Rolling Triangle
The triangle ABC is equilateral. The arc AB has centre C , the arc BC has centre A , the arc CA has centre B and all three arcs have the same radius equal in length to the sides of the triangle.
Imagine a roller that has this crosssection. Place it on the floor and lay a plank of wood across it. Try to push the plank horizontally on the roller. What happens and why?
Though the animation shows the rolling triangle contained in a box, we are asking you to describe what happens when it rolls along the floor with a plank of wood on top of it..
Image

See also the Coke Machine problem. This relates to the 50 pence piece which is a seven sided rouleaux (rolling) figure, based on a regular septagon.
CHRISTMAS DECORATIONS
If you make lots of these rolling triangles from old greetings cards and score them along the edges of the equilateral triangles you can make the regular solids (a tetrahedron, an octahedron and an icosahedron) by sticking the flaps together. They look good with the flaps projecting outwards and they are easy to make. You can also make a dodecahedron using 12 rolling pentagons. A rolling pentagon is made in a similar way starting with a regular pentagon.
Notice what happens to the motion when the sides of the triangle are perpendicular to the floor and plank.
Notice the differences to what happens on the floor and on the plank when the triangle rolls in opposite directions.
You might like to try cutting out a very accurate rolling triangle with which to experiment.
Brian sent us his thoughts on this problem:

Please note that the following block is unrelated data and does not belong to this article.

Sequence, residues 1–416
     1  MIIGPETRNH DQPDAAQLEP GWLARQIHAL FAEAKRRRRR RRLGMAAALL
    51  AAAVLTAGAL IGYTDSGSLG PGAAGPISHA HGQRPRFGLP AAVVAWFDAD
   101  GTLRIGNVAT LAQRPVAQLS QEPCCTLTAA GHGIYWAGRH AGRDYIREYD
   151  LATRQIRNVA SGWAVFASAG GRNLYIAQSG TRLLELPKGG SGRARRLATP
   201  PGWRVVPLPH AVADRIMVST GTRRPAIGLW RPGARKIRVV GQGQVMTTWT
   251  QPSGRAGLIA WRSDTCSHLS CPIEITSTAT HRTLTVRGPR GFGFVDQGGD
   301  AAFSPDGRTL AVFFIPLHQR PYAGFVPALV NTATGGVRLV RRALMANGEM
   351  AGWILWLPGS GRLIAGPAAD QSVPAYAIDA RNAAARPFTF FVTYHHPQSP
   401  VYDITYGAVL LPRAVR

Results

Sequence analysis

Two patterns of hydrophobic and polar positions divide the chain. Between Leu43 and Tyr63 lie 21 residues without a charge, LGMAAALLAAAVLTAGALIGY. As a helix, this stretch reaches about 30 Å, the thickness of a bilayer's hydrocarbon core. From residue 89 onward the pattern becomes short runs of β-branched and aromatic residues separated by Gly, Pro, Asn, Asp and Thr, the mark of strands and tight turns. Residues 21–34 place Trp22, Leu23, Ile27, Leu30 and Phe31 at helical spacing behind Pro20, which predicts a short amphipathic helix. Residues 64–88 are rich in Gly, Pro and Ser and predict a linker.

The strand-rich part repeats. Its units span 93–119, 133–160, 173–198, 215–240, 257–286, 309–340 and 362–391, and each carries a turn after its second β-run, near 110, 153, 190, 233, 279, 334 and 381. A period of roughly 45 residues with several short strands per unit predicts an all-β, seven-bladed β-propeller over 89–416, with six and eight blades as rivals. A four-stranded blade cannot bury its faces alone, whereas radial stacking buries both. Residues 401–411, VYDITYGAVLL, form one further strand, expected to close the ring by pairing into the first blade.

What happens: It is impossible to tell from the motion of the plank that the roller is not circular. The plank moves forwards at a steady rate (assuming a steady push!) and remains at a constant height (the side length of the triangle) above the floor.
Why: Consider a starting point with C on the floor and the plank parallel to the floor and touching the roller at B (BC is vertical). Move the plank, rolling the roller, until the plank is touching the roller at A (so now AC is vertical). The roller will be rotating about C. Clearly, given that curve AB is equidistant from C, the plank will remain at a constant height above the floor. The same arguments can be used if a vertex is against the plank and the circular section is against the floor; only the frame of reference is changed and relative motion of plank and floor are the same.At the point of transition, both cases are simultaneously true.
Now consider the transition. In this example, C will be on the floor, A will be against the plank, and any further movement will result in A being effectively fixed on the plank and curve BC rolling on the floor. Note that the tangent to curve BC at C is parallel to the tangent to curve AB at A  AC is a common radius of both curves. Hence at the transition there will be smooth transfer of movement from one mode to the other. Despite one's intuitive notions, the roller will therefore have a smooth forward motion!